Ramblings & ephemera

Stolen credit card data is cheaper than ever in the Underground

From Brian Krebs’ “Glut of Stolen Banking Data Trims Profits for Thieves” (The Washington Post: 15 April 2009):

A massive glut in the number of credit and debit cards stolen in data breaches at financial institutions last year has flooded criminal underground markets that trade in this material, driving prices for the illicit goods to the lowest levels seen in years, experts have found.

For a glimpse of just how many financial records were lost to hackers last year, consider the stats released this week by Verizon Business. The company said it responded to at least 90 confirmed data breaches last year involving roughly 285 million consumer records, a number that exceeded the combined total number of breached records from cases the company investigated from 2004 to 2007. Breaches at banks and financial institutions were responsible for 93 percent of all such records compromised last year, Verizon found.

As a result, the stolen identities and credit and debit cards for sale in the underground markets is outpacing demand for the product, said Bryan Sartin, director of investigative response at Verizon Business.

Verizon found that profit margins associated with selling stolen credit card data have dropped from $10 to $16 per record in mid-2007 to less than $0.50 per record today.

According to a study released last week by Symantec Corp., the price for each card can be sold for as low as 6 cents when they are purchased in bulk.

Lawrence Baldwin, a security consultant in Alpharetta, Ga., has been working with several financial institutions to help infiltrate illegal card-checking services. Baldwin estimates that at least 25,000 credit and debit cards are checked each day at three separate illegal card-checking Web sites he is monitoring. That translates to about 800,000 cards per month or nearly 10 million cards each year.

Baldwin said the checker sites take advantage of authentication weaknesses in the card processing system that allow merchants to conduct so-called “pre-authorization requests,” which merchants use to place a temporary charge on the account to make sure that the cardholder has sufficient funds to pay for the promised goods or services.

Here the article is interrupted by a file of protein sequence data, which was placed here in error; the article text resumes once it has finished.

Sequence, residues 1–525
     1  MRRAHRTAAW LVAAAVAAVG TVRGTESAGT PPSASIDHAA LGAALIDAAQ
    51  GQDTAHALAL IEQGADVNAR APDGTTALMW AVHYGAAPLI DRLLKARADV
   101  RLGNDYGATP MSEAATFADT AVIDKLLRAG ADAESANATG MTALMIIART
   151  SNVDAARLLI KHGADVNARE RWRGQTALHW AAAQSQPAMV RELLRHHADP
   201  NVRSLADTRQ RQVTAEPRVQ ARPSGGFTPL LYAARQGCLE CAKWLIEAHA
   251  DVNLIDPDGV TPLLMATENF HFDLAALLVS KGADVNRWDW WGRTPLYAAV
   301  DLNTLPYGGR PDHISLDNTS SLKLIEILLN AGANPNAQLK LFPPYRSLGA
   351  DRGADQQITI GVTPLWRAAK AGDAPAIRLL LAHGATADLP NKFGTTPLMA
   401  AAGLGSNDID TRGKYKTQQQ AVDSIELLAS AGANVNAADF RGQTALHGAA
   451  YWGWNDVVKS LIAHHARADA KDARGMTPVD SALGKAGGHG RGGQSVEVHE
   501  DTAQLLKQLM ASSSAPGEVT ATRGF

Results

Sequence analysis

Pre-authorization requests are quite common. When a waiter at a restaurant swipes a customer’s card and brings the receipt to the table so the customer can add a tip, for example, that initial charge is essentially a pre-authorization.

With these card-checking services, however, in most cases the charge initiated by the pre-authorization check is never consummated. As a result, unless a consumer is monitoring their accounts online in real-time, they may never notice a pre-authorization initiated by a card-checking site against their card number, because that query won’t show up as a charge on the customer’s monthly statement.

The crooks have designed their card-checking sites so that each check is submitted into the card processing network using a legitimate, hijacked merchant account number combined with a completely unrelated merchant name, Baldwin discovered.

One of the many innocent companies caught up in one of these card-checking services is Wild Birds Unlimited, a franchise pet store outside of Buffalo, N.Y. Baldwin said a fraudulent card-checking service is running pre-authorization requests using Wild Bird’s store name and phone number in combination with another merchant’s ID number.

Danielle Pecoraro, the store’s manager, said the bogus charges started in January 2008. Since then, she said, her store has received an average of three to four phone calls each day from people who had never shopped there, wondering why small, $1-$10 charges from her store were showing up on their monthly statements. Some of the charges were for as little as 24 cents, and a few were for as much as $1,900.

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